Not every offseason signing is going to be perfect. Even with all the scouting tools out there, it's still difficult to properly evaluate a player and predict his performance going forward. Sabermetricians like Bill James get paid good money to predict what the players are going to accomplish, but the reality is that it's pretty much a crapshoot.
Most of the major free agents have signed on with new teams already and that means this is a good opportunity to evaluate those moves. We can't predict exactly what these 10 players will do, but we can say with somewhat more certainty that their new teams will regret signing them.
Here's a look at those 10 players, and remember: general managers are human beings too.
This is without a doubt the most ridiculous contract handed out to a free agent this offseason. But the Washington Nationals knew they had to overpay to get Werth, and they did exactly that.
Werth is an outstanding baseball player who had a .921 OPS last season after smashing 46 doubles and 27 home runs. He can hit for power, hit for average, play the outfield, and even steal a few bases. He's a little old (31) to be the kind of player a franchise builds around, but that's not why the Nationals signed him.
Washington overpaid Werth so he could make the Nationals into a legitimate baseball team—one that is actually capable of competing for a playoff spot. You can't put a price tag on success.
It's pretty much never a good idea to give a reliever a long-term deal, but at least the Detroit Tigers didn't have to surrender a draft pick to get Benoit.
Benoit's career has taken an interesting path. He was originally brought up as a starter for the Texas Rangers and then transitioned into a reliever full-time in 2006. He always threw hard but struggled with his control and as a result had a 4.79 career ERA in his eight years in Texas.
But then he went to Tampa Bay and everything seemed to click. He made 63 appearances and emerged as one of the best set-up men in the game, earning a 1.34 ERA, an 11.2 SO/9 rate and a 1.6 BB/9 rate. If he can maintain that kind of performance for the Tigers then he may actually be worth the $16.5 million. It's definitely a risk, though.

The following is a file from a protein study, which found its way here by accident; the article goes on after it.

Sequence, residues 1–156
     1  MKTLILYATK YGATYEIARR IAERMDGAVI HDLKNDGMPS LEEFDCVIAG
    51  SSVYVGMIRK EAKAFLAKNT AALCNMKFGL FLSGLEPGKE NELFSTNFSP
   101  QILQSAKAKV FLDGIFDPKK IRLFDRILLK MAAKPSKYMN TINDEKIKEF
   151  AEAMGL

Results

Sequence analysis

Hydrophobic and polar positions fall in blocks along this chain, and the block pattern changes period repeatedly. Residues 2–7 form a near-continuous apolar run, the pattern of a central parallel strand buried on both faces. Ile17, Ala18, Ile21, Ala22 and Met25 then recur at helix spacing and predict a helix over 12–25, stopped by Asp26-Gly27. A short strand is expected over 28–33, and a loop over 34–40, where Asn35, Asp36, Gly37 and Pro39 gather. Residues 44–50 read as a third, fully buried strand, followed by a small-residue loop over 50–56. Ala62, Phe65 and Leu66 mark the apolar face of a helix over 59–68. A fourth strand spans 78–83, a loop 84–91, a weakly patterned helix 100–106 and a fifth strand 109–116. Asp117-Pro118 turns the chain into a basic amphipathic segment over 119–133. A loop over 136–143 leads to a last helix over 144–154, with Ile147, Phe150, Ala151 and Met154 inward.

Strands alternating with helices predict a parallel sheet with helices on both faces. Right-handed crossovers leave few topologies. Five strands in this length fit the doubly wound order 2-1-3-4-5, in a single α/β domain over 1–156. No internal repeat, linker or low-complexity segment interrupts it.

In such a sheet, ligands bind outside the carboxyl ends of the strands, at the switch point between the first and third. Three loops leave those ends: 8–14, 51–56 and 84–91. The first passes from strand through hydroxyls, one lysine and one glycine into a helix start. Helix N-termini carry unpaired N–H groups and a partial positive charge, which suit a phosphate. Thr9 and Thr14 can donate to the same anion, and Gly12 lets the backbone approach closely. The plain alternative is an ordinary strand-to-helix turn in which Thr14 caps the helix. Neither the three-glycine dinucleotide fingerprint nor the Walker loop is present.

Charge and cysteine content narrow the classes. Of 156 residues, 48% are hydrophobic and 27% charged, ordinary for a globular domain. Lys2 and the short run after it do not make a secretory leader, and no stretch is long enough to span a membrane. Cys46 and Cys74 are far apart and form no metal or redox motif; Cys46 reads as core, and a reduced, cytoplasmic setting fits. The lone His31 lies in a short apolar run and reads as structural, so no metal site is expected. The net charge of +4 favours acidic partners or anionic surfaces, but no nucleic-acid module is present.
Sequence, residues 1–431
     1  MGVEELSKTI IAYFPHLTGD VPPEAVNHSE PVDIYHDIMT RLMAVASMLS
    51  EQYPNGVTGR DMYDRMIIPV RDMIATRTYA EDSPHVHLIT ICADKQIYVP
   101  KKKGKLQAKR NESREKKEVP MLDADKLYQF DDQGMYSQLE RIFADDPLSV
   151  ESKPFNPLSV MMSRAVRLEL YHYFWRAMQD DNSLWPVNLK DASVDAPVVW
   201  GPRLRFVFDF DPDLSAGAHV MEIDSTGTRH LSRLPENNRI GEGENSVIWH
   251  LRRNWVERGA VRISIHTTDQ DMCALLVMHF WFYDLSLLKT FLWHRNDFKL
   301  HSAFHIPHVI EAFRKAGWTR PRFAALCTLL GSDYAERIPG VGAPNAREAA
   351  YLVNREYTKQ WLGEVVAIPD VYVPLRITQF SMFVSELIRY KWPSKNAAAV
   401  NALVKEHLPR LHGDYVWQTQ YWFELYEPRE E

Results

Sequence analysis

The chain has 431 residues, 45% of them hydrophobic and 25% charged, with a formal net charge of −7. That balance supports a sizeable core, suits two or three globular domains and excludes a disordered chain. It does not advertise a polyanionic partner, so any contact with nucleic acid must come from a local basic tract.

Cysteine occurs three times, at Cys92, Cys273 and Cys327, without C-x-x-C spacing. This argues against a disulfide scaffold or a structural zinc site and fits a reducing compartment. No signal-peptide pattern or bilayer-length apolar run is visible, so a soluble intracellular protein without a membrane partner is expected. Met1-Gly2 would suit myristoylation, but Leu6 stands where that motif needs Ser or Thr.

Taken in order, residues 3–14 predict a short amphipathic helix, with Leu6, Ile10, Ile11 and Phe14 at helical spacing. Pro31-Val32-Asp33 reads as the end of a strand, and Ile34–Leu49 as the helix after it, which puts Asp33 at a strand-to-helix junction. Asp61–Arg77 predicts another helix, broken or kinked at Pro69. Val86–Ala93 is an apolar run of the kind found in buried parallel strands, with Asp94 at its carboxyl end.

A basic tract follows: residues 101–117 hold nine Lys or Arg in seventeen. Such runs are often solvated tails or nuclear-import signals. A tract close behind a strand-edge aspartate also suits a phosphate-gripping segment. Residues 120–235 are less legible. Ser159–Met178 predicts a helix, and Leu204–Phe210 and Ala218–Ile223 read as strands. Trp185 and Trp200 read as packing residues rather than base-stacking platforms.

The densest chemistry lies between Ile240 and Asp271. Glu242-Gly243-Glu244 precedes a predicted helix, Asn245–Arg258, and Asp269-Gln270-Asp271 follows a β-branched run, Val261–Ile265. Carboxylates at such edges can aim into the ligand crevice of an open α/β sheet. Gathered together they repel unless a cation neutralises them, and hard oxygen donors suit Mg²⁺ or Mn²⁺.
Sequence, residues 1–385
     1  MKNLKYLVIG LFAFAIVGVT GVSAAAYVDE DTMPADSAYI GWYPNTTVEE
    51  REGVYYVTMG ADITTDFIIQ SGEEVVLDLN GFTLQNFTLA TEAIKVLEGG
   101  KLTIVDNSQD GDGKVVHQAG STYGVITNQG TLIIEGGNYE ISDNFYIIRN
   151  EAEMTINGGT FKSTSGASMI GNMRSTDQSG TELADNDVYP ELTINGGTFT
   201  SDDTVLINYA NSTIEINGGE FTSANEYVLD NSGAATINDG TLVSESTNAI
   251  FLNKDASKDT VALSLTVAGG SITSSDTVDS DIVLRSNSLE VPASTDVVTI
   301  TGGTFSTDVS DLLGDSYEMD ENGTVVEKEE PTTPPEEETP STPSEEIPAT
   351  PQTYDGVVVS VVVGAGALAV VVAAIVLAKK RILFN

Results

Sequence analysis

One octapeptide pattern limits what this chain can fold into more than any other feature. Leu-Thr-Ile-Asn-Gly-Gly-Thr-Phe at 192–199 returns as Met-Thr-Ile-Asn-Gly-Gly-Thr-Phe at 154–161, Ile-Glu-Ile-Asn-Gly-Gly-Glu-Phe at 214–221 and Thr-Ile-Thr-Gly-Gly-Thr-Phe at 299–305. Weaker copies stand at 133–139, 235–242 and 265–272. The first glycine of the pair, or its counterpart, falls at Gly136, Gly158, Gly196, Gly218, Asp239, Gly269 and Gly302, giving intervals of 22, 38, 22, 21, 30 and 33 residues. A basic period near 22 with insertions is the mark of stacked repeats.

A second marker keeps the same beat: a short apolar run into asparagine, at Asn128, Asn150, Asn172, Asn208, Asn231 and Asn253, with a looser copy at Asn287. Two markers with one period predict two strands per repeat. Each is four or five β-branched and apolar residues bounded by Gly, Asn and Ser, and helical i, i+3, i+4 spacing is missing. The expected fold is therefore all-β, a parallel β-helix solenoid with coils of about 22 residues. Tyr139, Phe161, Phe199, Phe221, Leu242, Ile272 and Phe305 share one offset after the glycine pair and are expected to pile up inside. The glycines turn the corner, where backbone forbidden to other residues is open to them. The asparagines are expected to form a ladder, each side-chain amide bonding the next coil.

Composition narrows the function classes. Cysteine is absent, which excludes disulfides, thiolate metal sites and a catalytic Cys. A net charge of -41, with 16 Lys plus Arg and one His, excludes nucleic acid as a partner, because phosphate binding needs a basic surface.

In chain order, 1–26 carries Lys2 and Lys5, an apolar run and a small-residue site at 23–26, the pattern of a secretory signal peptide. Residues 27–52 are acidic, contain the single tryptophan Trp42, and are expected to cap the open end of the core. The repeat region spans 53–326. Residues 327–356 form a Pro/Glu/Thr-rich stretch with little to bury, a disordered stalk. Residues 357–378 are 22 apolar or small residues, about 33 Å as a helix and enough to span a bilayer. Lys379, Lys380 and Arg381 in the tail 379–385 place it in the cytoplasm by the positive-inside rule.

Downs was one of the top relievers on the market before agreeing to a deal with the Los Angeles Angels of Anaheim.
The 34-year-old has been fantastic in his six seasons in the AL East, sporting a 3.13 ERA in over 400 innings. He's not an overpowering pitcher, but he limits his mistakes and is fantastic against left-handed hitters.
He'll get to pitch against easier lineups in the AL West, but the chances of him keeping this up into his late 30's are slim to none. The Angels had to throw some money around this offseason, but Downs isn't the right guy to be throwing it at.
Guerrier has made at least 73 appearances in each of the last four seasons for the Minnesota Twins and owns a career 3.38 ERA. The 32-year-old righty has always been a great contributor and should be solid pitching in the National League.
But it's impossible for Dodger's GM Ned Colletti to justify signing a Type A free agent who is a reliever with no chance of ever becoming a closer. There are much better ways to spend $12 million.
Yes, $4 million is like pocket change for the New York Yankees. But they would have been better off throwing it at a relief pitcher than at this 27-year-old catcher.
Martin was once one of the best players at his position. He made consecutive All-Star appearances in 2007 and 2008, and was great defensively. But all of his numbers have gone down each of the last four seasons and now he's a borderline starter.
Martin missed a third of the 2010 with a hairline fracture in his right hip. He had surgery to repair the fracture in his hip, but this is clearly not the same player anymore.
He'll be the Yankee's starting catcher to open the season and it would be a major accomplishment for him to stay healthy, and on the roster, for all of 2011.